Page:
The Indian experience highlights how the concept of apprenticeships and on-the-job training, instead of primarily focusing on enhancing worker skills, often transforms into a means of supplying low-cost labour to industries. This, in turn, results in the denial of even the most fundamental labour rights. In the broader context, workers are compelled to work under precarious and unprotected working conditions.


The Recommendations fails to recognize this vital aspect, and in many ways allows for the perpetuation of this practice, without requiring that those appointed as apprentices are ensured basic rights. While it mandates that apprentices “receive adequate remuneration or other financial compensation”, it does not mandate the payment of a minimum wage. While the Recommendation does mandate that apprentices should be ensured social security, holidays, maternity leave, etc., it falls short of closing the disparity between apprentices and other workers who undertake identical tasks, thereby perpetuating discriminatory systems. It would have been appropriate for the Recommendation to have mandated at the very least equal working conditions, when the same work is being performed.


The second aspect it overlooks is that enhancing employability does not guarantee actual employment and would not solve the problem of unemployment. The Recommendations acknowledge that quality apprenticeships can lead to decent work and improved employability, but they fall short of taking the step to mandate an obligation to secure employment for those who have undergone training. The fact that the industry opposed an amendment to the law aimed at ensuring that at least a portion of the trained workforce would be integrated into the permanent workforce of the country highlights how the industry perceives such schemes — primarily as mechanisms to provide cheap labour, rather than ensuring that workers are both skilled and able to find employment. The Recommendation, by not imposing any obligations to ensure actual employment, leaves a gap, allowing for the supply of cheap labour to the industry without effectively ensuring job opportunities for those being made "employable."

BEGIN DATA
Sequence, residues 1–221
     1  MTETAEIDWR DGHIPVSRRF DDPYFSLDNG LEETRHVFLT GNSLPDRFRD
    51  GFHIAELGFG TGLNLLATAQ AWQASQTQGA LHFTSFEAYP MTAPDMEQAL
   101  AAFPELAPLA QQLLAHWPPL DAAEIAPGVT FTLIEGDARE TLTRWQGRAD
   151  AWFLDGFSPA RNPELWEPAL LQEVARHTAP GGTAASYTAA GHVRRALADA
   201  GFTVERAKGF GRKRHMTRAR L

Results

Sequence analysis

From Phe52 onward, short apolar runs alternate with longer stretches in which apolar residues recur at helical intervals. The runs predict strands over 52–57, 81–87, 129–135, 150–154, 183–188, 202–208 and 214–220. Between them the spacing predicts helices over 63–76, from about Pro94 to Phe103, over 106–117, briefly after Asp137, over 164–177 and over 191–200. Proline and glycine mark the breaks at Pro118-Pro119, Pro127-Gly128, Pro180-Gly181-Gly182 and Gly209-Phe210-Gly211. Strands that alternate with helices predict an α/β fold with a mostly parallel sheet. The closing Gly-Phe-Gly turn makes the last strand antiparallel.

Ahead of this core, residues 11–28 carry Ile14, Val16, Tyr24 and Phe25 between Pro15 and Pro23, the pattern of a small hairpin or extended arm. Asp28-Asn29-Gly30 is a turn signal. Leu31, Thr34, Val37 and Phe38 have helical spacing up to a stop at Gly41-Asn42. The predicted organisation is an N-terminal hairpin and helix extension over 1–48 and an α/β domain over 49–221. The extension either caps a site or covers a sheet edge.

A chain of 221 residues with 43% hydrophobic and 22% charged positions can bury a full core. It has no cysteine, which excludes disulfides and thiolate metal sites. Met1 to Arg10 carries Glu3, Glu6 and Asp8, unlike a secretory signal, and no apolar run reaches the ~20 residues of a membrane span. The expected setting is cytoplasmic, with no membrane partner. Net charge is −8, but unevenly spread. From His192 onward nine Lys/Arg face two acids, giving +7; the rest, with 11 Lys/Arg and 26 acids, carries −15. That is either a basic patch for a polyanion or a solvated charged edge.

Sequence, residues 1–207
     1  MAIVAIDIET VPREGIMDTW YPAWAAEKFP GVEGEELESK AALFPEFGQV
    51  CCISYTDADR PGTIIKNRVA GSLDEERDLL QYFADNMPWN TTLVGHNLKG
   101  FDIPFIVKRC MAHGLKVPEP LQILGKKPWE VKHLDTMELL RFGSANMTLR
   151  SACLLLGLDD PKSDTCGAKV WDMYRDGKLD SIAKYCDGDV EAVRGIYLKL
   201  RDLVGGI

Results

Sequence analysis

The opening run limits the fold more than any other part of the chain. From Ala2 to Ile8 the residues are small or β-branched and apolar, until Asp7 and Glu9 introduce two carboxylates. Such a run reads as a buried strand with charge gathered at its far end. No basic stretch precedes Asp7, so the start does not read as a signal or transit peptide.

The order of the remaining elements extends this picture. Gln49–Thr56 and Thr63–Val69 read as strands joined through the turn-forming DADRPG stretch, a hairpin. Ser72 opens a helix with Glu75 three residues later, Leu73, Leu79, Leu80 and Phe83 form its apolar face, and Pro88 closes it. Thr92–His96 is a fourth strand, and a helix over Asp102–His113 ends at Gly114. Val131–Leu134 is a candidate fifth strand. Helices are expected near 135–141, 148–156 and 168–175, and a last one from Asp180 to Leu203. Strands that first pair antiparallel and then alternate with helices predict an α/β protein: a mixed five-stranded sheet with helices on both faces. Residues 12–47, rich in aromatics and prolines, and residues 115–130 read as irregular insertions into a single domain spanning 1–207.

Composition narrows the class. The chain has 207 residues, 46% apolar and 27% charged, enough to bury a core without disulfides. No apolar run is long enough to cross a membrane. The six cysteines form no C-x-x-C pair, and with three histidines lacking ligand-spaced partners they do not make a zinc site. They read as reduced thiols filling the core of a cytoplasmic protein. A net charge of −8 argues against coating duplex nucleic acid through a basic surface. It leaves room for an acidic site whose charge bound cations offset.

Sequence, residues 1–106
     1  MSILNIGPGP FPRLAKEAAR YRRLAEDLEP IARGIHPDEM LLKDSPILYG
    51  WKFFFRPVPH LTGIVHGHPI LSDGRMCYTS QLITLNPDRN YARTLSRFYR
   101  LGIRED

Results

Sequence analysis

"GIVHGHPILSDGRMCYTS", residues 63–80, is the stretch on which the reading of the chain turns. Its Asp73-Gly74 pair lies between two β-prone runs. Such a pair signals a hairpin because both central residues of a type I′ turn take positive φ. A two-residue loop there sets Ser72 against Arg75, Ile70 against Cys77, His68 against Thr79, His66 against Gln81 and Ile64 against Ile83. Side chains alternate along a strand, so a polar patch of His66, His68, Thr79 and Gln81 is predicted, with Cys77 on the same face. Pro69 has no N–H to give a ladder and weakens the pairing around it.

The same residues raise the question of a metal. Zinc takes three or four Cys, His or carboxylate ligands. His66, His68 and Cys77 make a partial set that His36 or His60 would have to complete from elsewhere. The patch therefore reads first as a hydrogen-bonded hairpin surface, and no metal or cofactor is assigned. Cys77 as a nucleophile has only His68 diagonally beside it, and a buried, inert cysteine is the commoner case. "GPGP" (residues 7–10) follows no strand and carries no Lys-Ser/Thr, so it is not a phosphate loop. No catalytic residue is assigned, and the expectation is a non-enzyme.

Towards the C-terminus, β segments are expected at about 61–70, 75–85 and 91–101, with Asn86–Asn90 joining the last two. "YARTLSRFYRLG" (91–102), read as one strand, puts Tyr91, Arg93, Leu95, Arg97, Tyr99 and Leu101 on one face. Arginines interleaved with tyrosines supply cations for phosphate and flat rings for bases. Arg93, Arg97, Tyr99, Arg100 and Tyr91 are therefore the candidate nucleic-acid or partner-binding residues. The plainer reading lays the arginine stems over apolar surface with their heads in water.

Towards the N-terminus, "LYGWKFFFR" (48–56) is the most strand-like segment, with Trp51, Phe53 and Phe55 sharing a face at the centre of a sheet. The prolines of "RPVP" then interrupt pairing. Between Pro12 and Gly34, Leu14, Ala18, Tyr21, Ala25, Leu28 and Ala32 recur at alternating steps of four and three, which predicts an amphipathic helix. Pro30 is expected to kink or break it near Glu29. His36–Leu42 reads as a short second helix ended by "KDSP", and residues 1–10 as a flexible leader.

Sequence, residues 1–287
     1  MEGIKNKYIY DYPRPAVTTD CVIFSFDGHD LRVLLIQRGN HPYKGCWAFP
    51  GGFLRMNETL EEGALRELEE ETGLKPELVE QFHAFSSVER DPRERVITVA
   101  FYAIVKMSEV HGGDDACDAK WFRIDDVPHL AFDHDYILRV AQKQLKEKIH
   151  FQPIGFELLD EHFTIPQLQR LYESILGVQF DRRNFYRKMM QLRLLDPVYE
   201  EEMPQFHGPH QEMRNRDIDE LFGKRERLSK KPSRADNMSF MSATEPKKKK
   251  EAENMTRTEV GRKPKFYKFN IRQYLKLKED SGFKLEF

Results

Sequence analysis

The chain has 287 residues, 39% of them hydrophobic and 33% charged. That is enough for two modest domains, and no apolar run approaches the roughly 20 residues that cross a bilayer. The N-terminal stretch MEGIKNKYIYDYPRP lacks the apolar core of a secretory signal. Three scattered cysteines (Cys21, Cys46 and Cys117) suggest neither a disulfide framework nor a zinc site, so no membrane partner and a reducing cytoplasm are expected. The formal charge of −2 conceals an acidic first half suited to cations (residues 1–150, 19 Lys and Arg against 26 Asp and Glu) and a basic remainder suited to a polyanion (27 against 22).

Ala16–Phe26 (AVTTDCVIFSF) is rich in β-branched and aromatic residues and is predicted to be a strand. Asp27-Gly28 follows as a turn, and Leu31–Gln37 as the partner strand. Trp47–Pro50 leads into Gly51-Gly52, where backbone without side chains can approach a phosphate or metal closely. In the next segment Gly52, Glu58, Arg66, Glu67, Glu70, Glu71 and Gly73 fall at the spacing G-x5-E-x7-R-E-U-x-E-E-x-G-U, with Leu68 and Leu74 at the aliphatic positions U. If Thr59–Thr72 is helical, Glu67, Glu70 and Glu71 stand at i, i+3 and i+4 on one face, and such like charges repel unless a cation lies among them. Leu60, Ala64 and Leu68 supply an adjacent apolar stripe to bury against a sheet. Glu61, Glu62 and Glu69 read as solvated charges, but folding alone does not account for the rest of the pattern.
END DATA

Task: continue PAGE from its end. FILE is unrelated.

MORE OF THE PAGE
The Recommendations has the stated intent of facilitating a transition from the informal to the formal economy and from insecure to secure work. However, it fails to recognize that the solution it proposes is, in reality, exploited to prolong insecure work conditions, and it lacks measures to prevent such misuse. To achieve a meaningful transition, its not enough to solely ensure the employability of workers; it's crucial to mandate the provision of employment afterward.